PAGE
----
Retrofitting impervious pavement with materials designed to infiltrate stormwater is a viable green infrastructure solution for stormwater management. The use of permeable pavers in parking lots and driveways is well established as an effective way to reduce runoff and provide stormwater detention and pollutant control benefits. Some municipalities now recognize that municipal roadways can be designed to handle vehicular traffic and also function as a stormwater control measure. Greater acceptance of permeable pavers for roadway applications by design professionals is due in part to research completed by the University of California Pavement Research Center in 2014. This research validated design assumptions based on accelerated load testing to determine the effective shear capacity of each layer within the open graded aggregate pavement system in various saturated conditions.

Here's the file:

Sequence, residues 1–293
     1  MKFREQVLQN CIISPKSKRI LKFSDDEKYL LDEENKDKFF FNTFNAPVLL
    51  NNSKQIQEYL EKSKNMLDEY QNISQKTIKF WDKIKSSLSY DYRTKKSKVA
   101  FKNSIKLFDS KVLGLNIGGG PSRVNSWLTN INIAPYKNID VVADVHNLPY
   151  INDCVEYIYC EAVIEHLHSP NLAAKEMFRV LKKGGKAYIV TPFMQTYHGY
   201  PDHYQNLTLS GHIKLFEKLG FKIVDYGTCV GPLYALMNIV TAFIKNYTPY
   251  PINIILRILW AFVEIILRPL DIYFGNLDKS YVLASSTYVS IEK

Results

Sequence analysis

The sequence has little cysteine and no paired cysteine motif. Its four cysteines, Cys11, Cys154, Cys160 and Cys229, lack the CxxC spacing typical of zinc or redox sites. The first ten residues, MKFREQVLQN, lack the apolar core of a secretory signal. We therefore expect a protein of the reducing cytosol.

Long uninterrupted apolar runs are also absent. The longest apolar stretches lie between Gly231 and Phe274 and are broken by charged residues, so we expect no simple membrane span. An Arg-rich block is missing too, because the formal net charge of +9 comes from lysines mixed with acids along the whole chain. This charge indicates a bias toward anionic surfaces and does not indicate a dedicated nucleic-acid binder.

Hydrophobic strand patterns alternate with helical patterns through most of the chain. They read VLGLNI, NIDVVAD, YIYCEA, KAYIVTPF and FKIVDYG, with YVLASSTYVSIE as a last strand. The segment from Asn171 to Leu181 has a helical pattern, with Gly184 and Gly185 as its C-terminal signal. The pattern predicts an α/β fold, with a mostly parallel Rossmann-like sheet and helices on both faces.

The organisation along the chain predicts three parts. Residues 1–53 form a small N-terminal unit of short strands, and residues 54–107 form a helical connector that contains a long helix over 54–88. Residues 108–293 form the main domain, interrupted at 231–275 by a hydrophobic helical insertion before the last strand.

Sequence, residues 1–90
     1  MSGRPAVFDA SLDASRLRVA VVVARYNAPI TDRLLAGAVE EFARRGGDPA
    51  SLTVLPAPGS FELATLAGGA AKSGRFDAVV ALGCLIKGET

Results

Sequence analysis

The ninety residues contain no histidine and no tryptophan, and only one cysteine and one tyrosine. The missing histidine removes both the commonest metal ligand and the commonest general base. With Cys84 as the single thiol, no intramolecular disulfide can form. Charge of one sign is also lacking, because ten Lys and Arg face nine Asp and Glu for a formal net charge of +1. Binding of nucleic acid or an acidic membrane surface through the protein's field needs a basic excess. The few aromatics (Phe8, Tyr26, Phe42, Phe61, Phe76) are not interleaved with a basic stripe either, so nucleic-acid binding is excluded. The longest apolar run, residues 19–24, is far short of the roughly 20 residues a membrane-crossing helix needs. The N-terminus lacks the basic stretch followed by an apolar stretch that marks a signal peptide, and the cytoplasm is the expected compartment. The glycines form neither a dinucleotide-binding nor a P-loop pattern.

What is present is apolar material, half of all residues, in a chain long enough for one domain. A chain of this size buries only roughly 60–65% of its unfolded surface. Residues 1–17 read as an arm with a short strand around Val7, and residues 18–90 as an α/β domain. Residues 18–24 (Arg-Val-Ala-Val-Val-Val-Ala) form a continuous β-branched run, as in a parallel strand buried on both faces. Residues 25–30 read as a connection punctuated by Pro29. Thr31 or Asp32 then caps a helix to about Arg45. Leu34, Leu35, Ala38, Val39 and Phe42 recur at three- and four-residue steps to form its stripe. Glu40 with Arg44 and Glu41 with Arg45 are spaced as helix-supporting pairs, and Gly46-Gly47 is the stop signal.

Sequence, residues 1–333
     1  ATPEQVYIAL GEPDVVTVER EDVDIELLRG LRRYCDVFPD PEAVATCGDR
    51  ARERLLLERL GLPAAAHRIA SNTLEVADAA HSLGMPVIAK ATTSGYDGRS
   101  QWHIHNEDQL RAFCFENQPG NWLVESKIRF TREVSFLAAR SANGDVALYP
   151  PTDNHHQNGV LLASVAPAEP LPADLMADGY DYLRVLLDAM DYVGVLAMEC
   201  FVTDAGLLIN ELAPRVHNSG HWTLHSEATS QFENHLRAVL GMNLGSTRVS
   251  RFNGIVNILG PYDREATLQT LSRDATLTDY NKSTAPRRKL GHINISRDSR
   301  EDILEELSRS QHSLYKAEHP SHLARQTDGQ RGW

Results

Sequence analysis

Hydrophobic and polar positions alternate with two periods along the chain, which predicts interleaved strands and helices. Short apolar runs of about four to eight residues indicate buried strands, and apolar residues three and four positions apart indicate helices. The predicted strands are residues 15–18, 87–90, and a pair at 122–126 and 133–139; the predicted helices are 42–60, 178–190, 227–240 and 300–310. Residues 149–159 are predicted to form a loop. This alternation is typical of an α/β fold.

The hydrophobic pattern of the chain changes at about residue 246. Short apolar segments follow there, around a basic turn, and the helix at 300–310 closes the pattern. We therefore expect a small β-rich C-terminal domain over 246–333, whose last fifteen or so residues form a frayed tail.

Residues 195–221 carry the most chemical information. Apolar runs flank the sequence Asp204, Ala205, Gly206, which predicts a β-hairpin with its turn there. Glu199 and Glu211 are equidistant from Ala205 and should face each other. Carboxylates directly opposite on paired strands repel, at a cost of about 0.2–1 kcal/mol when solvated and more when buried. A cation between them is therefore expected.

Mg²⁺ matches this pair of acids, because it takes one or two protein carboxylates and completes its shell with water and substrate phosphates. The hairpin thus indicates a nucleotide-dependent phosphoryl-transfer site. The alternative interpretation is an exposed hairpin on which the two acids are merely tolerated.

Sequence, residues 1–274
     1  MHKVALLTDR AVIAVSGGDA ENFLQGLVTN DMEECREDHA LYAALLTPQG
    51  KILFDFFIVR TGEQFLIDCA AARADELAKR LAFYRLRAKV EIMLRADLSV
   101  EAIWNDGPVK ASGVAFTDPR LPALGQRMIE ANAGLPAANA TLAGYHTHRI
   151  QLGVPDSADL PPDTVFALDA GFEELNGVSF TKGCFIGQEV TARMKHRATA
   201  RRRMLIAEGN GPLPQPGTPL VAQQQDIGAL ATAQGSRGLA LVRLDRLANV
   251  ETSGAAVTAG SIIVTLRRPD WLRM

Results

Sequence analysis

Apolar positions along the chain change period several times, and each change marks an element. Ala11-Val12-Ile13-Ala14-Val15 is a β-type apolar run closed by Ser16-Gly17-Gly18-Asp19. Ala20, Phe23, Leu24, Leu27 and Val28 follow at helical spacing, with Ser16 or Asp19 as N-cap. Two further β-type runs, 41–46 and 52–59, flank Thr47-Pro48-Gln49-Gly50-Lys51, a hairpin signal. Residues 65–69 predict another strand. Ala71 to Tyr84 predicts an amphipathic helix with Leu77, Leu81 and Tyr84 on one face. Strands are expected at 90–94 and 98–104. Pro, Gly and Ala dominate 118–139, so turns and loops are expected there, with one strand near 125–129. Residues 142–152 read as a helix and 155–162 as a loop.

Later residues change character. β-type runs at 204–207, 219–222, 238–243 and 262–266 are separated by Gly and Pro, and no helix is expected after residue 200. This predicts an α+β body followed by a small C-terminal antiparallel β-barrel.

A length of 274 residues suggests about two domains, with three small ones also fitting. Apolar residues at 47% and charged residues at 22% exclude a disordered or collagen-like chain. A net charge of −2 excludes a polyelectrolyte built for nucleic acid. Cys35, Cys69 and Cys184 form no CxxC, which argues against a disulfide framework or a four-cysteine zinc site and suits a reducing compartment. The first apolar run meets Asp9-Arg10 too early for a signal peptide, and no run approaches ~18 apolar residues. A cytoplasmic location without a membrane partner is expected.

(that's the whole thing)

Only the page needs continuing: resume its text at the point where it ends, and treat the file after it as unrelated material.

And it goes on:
Parts of Atlanta Georgia have struggled with flooding problems in recent years due to stormwater runoff from highly impervious areas of downtown Atlanta into downstream neighborhoods. Heavy rains have sent runoff and raw sewage from combined sewer overflows into homes and backyards forcing the city to address these reoccurring flooding events. In 2016, Atlanta retrofitted over four miles of roadways with permeable pavers to reduce flooding and flow to the antiquated combined sewer system. The aggregate reservoirs beneath the road surface provide over four million gallons of water storage capacity. Southeast Atlanta is currently home to the largest permeable interlocking concrete pavement retrofit project in North America. This presentation will review how Atlanta converted impervious roadways to PICP and the lessons learned related to utilities, roadway slopes, inspection, and maintenance.